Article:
March 10, 2006
Funded by the
National Science Foundation
Office of Polar Programs
Location: Latitude 64° 4' S, Longitude 54° 31' W
Air Temperature: .2°C
I am addressed by many different names while on this boat. The common ones include Miss Julia, Ms. Wellner, Dr. Wellner, Boss Lady, Dear, and My Love as well as occasionally just Julia. Sometimes a wild card is thrown in, like Stephanie. There may well be others I don't hear myself. But, I will admit that I awoke this morning not in the mood to answer to many of these. I was sad to discover that drilling operations had stopped due to deteriorating ice conditions just after I went to bed. I impatiently waited for dawn to arrive so that the ice could be reevaluated. There weren't too many souls up at 5 am on such a slow night, which was good because those people who had to greet me in my pre-shower hat, weren't going to get an answer to some of those names. Luckily it was hat day on board so I blended into the crowd.
At 8:30, the day began to change. A new ice image arrived and showed open water at some of our proposed sites. I quickly went to the bridge to compare the image to what the ground conditions actually were and then plan some way to start drilling one of our holes. We had bright sunlight for the first time in days and were surrounded in spectacular pieces of ice-at least from a scenery perspective-and glistening water. I enjoyed my time chatting on the bridge feeling the sun. Just after 10 am, orcas were spotted off the bow by Captain Mike and were followed by a startled seal and my favorite iceberg yet this year. It made for a lovely morning. Just after lunch we found open water, or at least what we are beginning to accept as good water this cruise. The drillers are now stringing pipe again and we should hit the mudline at dinnertime.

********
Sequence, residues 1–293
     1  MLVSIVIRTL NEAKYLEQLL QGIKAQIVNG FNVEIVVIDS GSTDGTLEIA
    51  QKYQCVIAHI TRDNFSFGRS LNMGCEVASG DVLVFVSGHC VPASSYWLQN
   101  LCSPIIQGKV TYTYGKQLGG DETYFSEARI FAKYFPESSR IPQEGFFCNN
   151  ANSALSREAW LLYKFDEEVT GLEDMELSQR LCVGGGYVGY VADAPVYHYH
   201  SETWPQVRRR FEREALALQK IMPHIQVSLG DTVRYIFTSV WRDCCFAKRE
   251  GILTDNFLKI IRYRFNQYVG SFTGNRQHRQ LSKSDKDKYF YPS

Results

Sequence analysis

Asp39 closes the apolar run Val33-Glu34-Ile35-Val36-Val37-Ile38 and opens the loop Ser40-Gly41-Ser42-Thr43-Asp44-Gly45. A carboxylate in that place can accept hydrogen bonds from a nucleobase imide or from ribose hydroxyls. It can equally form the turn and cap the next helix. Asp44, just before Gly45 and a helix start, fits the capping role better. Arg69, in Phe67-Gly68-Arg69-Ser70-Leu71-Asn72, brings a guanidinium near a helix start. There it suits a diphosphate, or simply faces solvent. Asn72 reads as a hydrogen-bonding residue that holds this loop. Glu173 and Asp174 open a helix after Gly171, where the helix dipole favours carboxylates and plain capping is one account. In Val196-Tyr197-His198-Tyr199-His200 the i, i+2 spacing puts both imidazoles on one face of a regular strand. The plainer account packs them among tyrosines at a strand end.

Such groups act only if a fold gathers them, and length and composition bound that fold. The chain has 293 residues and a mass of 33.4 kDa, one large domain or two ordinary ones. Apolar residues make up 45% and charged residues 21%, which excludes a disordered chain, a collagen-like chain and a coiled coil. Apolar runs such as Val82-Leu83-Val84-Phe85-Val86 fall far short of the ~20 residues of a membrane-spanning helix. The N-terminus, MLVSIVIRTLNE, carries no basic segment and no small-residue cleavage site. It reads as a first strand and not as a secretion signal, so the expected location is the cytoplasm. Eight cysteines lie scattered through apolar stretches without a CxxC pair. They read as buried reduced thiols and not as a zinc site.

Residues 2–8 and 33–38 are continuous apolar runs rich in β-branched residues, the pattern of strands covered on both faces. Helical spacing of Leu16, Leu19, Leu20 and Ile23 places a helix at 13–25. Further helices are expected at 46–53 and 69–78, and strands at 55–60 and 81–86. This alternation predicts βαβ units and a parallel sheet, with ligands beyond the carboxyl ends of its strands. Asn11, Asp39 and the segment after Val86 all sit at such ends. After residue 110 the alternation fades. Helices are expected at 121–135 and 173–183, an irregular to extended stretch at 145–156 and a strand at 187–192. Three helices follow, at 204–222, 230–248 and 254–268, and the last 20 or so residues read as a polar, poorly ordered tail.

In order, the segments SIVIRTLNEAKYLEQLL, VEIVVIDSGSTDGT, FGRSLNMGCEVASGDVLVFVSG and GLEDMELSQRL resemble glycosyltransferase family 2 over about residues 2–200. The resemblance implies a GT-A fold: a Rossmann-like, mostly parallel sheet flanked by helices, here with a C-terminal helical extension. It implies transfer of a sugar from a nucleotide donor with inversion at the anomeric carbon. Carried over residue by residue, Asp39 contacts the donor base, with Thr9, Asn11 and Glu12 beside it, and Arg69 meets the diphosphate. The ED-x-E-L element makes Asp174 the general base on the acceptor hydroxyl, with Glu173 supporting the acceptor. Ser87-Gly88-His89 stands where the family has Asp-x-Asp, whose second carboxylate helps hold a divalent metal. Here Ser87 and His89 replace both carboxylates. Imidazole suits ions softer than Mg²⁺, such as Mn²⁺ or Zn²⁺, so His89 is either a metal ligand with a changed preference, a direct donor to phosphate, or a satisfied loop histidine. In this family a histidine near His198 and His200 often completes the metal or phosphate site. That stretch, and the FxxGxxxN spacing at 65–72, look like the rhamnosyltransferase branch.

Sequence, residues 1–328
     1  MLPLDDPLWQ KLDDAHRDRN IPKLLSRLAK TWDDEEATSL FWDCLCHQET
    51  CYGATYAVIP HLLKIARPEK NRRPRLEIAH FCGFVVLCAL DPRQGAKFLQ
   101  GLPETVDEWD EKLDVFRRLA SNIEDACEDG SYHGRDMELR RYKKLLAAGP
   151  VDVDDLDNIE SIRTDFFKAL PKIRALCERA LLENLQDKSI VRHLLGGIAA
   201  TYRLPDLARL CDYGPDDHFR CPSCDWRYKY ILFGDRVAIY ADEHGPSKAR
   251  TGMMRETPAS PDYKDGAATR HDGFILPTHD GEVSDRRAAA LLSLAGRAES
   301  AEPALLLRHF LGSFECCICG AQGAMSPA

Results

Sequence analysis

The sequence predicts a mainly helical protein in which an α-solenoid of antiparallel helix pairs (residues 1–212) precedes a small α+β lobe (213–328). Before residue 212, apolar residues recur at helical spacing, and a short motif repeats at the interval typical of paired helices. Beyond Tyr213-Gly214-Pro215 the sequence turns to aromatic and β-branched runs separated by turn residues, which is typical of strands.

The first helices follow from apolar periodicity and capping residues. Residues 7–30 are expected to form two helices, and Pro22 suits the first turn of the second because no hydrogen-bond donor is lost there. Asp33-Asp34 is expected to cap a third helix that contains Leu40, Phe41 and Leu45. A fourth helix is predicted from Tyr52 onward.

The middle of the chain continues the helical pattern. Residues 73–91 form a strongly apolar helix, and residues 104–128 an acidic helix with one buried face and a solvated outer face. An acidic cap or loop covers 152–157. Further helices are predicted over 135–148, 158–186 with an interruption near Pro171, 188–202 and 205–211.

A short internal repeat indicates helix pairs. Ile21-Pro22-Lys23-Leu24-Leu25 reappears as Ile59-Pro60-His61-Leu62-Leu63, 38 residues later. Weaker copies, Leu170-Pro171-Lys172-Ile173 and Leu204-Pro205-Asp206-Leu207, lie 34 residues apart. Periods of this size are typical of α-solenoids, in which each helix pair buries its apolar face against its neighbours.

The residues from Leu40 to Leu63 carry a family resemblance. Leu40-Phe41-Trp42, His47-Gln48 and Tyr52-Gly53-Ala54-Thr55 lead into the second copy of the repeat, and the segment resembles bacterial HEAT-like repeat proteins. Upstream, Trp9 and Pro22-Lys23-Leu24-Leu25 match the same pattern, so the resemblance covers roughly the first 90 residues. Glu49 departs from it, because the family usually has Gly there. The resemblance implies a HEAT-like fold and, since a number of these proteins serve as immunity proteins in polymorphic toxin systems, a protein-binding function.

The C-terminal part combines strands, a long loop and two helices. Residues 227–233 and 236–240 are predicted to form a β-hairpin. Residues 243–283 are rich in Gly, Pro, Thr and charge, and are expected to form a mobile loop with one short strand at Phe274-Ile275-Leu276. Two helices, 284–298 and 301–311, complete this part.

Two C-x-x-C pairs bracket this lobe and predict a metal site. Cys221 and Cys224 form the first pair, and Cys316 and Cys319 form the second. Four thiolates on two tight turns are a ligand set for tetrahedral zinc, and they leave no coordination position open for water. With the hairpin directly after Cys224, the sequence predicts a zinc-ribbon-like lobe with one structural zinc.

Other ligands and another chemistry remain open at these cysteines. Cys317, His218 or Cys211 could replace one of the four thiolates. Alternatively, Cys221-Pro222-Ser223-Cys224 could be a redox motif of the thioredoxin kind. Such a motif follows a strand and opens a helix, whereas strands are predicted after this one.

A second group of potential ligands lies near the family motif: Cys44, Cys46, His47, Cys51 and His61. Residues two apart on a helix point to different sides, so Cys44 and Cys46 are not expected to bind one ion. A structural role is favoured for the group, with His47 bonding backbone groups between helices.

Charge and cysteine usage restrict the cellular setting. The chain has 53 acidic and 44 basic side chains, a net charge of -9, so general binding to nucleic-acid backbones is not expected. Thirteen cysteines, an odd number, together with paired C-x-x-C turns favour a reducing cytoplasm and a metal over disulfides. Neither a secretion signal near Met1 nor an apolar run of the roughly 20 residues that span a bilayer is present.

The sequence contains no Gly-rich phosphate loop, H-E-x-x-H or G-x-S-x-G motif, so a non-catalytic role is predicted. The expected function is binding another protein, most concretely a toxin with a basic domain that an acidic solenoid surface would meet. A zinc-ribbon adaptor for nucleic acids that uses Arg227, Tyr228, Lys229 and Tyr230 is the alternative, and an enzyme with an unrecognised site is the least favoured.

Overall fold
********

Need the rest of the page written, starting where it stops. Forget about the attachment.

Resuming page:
We will call this hole NBP0602A-3A, which brings me back to the topic of names. We are close to the site we now carefully call proposal site 6. That name was given to this approximate site at the same time when six other sites were named in 2001 when we first applied for the money to do this project. Over the four and a half years since then, we have all become quite accustomed to referring to certain spots on the seafloor by these numbers. But, we now are actually here drilling them and by every naming convention possible, the sites must be renamed. The name of the hole where we are currently sitting can be explained as such: NBP for Nathaniel B. Palmer, the name of our ship; 0602A for the second cruise of 2006 along with an extra letter to confuse us because of some change in the schedule; and then 3A because this will be the third time that pipe has gone into the ground but the first hole of this pipe deployment. After that, each individual core will get its own letters and numbers so that it is properly cataloged. So, proposed site 6 will now be hole 3A, and maybe more. But it is also where we have holes 1A, 1B, and 1C.
All of this starts to make it seem easy to respond to each of my names in the correct fashion.
Photos by Denise Kulhanek.
Photos by Denise Kulhanek.
Do you have questions? Comments?